Security Through Begging

from the even-better-than-security-by-obscurity dept

Last summer, the surprising news came out that Japanese nuclear secrets leaked out, after a contractor was allowed to connect his personal virus-infested computer to the network at a nuclear power plant. The contractor had a file sharing app on his laptop as well, and suddenly nuclear secrets were available to plenty of kids just trying to download the latest hit single. It's only taken about nine months for the government to come up with its suggestion on how to prevent future leaks of this nature: begging all Japanese citizens not to use file sharing systems -- so that the next time this happens, there won't be anyone on the network to download such documents. Beyond the fact that this is unlikely to have any effect (at all) on file sharing in Japan, it has nothing to do with the actual security breach. It wasn't the use of a file sharing system that was to blame here, but the security setup that allows an outside contractor to hook up his personal computer to the power plant's network without doing any kind of security check whatsoever to see if (a) his computer has malware or (b) his computer has file sharing software -- while leaving top secret documents available for his computer to access. If this is how government officials react to such leaks (taking forever and completely missing the root cause of the problem, while suggesting a solution that is impossible to implement), it's almost amazing that such leaks didn't happen sooner.

Reader Comments

Subscribe: RSS

View by: Time | Thread


  1. identicon
    Anonymous Coward, 16 Mar 2006 @ 6:41am

    Re: This is bound to work.

    Agreed!

    For Internet security, this already exists for traffic which complies with RFC 3514.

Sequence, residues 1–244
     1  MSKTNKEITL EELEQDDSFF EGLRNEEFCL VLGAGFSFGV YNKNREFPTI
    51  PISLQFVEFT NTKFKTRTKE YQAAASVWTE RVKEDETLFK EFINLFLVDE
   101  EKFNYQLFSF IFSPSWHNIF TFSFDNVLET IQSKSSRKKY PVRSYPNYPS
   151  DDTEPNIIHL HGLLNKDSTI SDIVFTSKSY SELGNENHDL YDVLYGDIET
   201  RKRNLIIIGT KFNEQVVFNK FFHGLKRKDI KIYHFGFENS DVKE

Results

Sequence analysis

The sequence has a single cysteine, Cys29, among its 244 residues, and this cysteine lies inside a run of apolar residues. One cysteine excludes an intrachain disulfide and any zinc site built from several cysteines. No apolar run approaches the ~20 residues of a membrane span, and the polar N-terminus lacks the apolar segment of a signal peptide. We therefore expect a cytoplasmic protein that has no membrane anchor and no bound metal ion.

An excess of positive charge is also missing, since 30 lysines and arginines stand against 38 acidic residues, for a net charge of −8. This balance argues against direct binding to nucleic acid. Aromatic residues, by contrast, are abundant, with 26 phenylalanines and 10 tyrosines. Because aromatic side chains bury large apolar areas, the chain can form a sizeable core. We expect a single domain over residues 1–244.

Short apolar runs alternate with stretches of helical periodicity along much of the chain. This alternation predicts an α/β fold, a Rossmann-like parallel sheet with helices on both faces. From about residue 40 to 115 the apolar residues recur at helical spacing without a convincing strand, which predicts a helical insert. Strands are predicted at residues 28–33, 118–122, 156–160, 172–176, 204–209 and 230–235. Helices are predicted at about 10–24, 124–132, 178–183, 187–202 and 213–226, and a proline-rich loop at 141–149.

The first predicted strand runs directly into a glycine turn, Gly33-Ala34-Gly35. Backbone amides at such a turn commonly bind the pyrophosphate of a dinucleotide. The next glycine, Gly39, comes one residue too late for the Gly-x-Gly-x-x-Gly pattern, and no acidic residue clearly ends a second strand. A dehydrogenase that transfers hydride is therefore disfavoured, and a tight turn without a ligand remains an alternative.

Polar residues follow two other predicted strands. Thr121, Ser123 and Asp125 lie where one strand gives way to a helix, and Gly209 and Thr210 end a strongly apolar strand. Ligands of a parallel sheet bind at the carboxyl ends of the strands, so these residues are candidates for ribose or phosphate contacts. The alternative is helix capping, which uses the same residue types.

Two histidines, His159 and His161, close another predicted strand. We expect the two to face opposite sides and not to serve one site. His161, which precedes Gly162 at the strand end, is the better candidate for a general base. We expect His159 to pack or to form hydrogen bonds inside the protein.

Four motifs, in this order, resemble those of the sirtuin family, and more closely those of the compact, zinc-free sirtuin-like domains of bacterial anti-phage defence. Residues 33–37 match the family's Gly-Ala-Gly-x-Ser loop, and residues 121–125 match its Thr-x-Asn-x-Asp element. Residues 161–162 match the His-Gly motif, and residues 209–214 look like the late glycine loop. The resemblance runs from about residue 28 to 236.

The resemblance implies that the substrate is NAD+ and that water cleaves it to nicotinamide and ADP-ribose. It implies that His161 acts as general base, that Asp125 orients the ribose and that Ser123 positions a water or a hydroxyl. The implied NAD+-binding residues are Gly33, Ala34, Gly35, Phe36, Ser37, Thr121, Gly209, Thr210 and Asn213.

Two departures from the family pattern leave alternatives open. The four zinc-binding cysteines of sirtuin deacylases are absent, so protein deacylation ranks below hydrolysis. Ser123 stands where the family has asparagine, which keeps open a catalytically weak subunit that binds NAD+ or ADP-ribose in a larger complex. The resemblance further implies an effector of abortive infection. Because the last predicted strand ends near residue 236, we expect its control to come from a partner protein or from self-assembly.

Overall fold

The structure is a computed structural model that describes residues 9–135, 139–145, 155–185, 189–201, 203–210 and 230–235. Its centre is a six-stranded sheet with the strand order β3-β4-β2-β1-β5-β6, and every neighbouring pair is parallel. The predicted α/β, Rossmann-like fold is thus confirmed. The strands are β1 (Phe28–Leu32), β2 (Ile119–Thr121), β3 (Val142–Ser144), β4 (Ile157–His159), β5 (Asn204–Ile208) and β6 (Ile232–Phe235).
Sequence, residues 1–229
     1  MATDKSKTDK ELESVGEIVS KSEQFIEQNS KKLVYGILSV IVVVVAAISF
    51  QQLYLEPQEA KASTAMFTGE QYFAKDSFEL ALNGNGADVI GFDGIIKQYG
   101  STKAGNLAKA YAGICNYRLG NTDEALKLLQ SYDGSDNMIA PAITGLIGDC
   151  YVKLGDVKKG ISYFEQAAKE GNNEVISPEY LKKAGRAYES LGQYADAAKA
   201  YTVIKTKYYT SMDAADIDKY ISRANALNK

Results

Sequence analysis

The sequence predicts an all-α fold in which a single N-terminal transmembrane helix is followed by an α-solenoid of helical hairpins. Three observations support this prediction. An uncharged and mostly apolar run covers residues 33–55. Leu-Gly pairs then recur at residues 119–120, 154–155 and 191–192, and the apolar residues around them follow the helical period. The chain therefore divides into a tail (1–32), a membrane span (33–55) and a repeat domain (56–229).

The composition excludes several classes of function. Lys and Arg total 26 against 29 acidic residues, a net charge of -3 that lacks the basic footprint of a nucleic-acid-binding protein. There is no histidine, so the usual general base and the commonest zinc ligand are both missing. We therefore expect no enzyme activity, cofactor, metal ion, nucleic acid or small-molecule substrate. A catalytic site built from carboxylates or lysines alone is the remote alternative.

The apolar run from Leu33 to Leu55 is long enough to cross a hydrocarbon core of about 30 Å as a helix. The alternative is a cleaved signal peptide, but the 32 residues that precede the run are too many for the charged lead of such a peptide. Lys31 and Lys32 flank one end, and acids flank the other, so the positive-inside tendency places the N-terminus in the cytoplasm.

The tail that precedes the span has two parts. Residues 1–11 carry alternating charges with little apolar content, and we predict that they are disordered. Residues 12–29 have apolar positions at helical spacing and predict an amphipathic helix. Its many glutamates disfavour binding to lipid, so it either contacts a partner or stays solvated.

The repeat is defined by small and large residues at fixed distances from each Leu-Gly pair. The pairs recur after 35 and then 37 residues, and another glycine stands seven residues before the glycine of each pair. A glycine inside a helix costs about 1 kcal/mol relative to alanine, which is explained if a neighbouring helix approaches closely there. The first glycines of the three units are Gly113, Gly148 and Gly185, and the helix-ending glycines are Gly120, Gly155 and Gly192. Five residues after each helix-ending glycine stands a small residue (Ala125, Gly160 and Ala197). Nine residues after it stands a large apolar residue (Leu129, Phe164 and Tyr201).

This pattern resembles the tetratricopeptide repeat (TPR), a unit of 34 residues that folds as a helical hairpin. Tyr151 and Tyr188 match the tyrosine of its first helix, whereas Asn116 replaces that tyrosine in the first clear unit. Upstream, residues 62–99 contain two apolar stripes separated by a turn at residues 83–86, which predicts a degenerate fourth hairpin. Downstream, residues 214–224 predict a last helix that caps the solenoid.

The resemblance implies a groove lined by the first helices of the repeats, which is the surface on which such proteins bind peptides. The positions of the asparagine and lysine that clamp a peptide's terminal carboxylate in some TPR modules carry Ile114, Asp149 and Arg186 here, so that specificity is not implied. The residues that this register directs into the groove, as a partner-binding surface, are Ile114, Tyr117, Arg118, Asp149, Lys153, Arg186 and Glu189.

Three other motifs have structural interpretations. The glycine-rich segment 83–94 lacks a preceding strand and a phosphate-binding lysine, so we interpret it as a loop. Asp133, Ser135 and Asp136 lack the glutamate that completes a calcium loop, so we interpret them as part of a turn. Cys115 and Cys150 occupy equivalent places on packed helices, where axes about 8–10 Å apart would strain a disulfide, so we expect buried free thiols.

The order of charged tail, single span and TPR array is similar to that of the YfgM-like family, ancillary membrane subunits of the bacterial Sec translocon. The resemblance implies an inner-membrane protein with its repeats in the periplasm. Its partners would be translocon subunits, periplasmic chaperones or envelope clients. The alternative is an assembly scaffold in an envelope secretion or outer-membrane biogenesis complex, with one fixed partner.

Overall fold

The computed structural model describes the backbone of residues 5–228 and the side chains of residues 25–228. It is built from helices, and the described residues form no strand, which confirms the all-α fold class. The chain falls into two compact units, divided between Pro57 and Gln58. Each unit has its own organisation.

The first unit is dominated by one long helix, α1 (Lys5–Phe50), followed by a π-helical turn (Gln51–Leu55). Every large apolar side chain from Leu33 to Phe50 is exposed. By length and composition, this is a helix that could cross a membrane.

Firewalls [CBR03], packet filters, intrusion detection systems, and the like often have difficulty distinguishing between packets that have malicious intent and those that are merely unusual. The problem is that making such determinations is hard. To solve this problem, we define a security flag, known as the "evil" bit, in the IPv4 [RFC791] header. Benign packets have this bit set to 0; those that are used for an attack will have the bit set to 1.

Add Your Comment

Have a Techdirt Account? Sign in now. Want one? Register here



Subscribe to the Techdirt Daily newsletter




Comment Options:

  • Use markdown. Use plain text.
  • Remember name/email/url (set a cookie)

Follow Techdirt
Insider Shop - Show Your Support!

Advertisement
Report this ad  |  Hide Techdirt ads
Essential Reading
Techdirt Deals
Report this ad  |  Hide Techdirt ads
Techdirt Insider Chat
Advertisement
Report this ad  |  Hide Techdirt ads
Recent Stories
Advertisement
Report this ad  |  Hide Techdirt ads

Close

Email This

This feature is only available to registered users. Register or sign in to use it.